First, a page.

“We have learned not to be ‘afraid’ of Norwegian or that one language will displace the other. Today, we know that bilingualism is something positive,” said Solveig.
One thing Torstein has discovered about Sámi is that it is easy to learn the pronunciation.
“The words are pronounced as they are written, and if you know how the letters c and č are pronounced, it will be the same in all words. It makes it easier for me to read aloud words I have never heard uttered.”
“Oh, there are so many ways to write the sj-sound,” said his son Per Andreas. “It’s skj, sj, sk … and even more!”
The boy has clearly been paying attention in Norwegian class.
Arguing in Sámi
With songs, toys, books, and games, the parents have tried to bring Sámi in as a natural part of play and family life. A cup with Sámi words, Sámi children’s TV, music, audiobooks, and apps for phones and tablets in Sámi. A little here and a little there. Every little bit helps.
The kids were bickering in the living room.
“I almost do not want to interfere when they argue in Sámi,” said Solveig. She is proud of her children. “Sometimes I have to pinch my arm. We actually accomplished this.”
What does it mean to you that the children speak Sámi?
“It means that the whole society is open to them. It is wealth; they have a gift that they can use going forward, and they can more easily learn other languages later. For me, there is a strong feeling that we are trying to recreate something that has been lost.”
She said that it means a lot to be able to use the language in society.
“In Tana, you hear Sámi everywhere. It’s a living language. We can speak Sámi when we buy new sneakers in the store, and there are many bilingual road signs. It is important that the language is not just something we have at home, but that it is reinforced in society.”
Torstein, who is from the south, might not have imagined that he would speak Sámi as an adult.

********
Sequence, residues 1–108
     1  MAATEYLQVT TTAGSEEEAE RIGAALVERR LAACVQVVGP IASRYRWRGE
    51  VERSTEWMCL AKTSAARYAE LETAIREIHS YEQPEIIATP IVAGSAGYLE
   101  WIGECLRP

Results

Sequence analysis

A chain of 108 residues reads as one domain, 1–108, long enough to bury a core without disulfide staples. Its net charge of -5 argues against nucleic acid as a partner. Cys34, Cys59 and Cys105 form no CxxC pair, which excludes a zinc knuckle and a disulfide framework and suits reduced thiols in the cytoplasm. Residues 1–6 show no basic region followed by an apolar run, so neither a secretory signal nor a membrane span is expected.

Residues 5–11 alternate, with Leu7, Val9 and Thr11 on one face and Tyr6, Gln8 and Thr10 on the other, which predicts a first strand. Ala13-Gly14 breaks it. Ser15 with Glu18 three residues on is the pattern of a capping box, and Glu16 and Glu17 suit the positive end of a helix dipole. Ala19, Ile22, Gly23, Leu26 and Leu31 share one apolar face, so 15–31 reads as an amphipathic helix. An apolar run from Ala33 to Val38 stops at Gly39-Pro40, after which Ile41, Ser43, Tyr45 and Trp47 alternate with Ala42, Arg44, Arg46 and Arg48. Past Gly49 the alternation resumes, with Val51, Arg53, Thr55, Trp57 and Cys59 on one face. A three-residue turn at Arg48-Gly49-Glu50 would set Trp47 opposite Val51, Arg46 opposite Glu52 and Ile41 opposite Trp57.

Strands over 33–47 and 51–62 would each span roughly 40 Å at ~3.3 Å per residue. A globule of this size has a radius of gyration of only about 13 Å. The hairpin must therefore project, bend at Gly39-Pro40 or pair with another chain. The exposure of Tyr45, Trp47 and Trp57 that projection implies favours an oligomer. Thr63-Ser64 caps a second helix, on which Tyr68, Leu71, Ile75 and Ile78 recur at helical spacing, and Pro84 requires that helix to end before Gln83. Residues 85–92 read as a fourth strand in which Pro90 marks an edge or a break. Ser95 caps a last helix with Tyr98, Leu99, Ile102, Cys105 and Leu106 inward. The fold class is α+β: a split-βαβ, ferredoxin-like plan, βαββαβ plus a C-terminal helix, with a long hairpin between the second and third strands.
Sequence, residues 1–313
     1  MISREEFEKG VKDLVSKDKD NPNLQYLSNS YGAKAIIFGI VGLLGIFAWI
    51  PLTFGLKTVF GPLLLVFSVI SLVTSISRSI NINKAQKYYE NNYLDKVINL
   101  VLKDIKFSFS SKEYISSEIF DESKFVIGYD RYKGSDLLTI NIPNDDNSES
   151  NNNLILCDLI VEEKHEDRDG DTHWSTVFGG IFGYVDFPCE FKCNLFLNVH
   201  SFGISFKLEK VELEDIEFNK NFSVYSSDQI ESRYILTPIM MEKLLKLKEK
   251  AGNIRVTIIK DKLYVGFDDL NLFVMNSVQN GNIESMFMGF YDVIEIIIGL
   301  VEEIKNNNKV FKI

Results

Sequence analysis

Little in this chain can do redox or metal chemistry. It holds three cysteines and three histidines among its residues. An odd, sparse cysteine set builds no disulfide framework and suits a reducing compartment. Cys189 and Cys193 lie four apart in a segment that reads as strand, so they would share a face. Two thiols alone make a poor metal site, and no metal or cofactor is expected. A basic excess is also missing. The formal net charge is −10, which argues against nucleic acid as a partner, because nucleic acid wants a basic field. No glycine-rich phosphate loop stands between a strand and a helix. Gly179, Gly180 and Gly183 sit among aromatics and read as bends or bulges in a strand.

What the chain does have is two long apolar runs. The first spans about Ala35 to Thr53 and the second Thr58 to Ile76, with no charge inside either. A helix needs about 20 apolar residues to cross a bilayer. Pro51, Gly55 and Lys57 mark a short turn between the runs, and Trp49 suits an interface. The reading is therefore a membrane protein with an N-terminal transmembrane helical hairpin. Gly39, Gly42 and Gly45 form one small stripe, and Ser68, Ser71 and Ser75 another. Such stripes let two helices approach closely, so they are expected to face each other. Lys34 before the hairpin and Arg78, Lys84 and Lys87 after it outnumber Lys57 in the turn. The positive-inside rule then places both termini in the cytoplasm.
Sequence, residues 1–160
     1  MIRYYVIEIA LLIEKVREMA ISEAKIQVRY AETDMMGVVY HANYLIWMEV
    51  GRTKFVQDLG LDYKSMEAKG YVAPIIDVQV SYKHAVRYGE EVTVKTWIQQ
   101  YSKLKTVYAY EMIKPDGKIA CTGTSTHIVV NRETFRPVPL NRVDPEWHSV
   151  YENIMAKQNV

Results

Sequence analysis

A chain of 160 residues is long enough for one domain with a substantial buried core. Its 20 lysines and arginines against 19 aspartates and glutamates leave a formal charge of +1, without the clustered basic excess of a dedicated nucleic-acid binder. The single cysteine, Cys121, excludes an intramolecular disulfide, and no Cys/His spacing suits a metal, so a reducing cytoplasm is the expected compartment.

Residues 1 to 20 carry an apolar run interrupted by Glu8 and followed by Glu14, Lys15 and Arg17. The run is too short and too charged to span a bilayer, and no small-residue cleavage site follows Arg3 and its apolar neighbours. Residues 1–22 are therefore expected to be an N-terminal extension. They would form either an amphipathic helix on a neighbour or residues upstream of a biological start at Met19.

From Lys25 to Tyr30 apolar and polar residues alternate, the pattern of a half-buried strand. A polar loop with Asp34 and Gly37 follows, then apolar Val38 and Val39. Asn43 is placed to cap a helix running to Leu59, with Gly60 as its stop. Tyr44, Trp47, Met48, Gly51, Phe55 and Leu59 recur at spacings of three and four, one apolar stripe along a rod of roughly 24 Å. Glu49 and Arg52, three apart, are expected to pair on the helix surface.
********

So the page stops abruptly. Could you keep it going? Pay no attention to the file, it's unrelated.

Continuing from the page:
“I do not think it’s weird at all. I live in Sápmim and I have Sámi children. It’s the most natural thing to do when I live here,” he said.
But you cannot take yourself too seriously.
“The kids correct me all the time,” he said and laughed.
Torstein said that, as a father, he has to be able to talk properly with his children about everything in life.
“When we started out, I thought I would be able to hang on for a while, and then they would become too ‘advanced’ as they aged. But that has not happened. I used to think that if I had spoken Norwegian with them, which I know the best, I would have been able to speak a richer language with them. But it has gone well so far,” Torstein said.
He said that you have to find the balance between encouragement and nagging.
“We parents expect answers in Sámi, and if we have to ask for it, we can quickly be perceived as nagging.”
We headed down to the Tana River. By bike, scooter, and on foot, it took a few minutes before we were out of the low birch forest and walked along the riverbank. Per Andreas sprinted off down the long, flat sandbanks.
North of us was the small island Norsk- holmen, in the middle of the river. There was a school here before. The students were, like the population elsewhere in the area, Sámi, Kven, and Norwegian. In many schools, it was strictly forbidden to speak languages other than Norwegian.
“I actually don’t know what the islet may have originally been called in Sámi,” said Solveig.
Martha Elise said that she sometimes speaks Sámi and sometimes Norwegian with friends at school.
“But it switches over to Norwegian more often than the other way around. I do not know exactly why; it just happens,” she said.
And which language the children will speak when they get older is difficult to know.
“We will probably never finish the language job. But sometimes we should be able to pause and think that this actually went well,” said Solveig.
Translated by Ragnhild Hjeltnes
All photos by Ingerid Jordal.
This article originally appeared in the April 1, 2022, issue of The Norwegian American. To subscribe, visit SUBSCRIBE or call us at (206) 784-4617.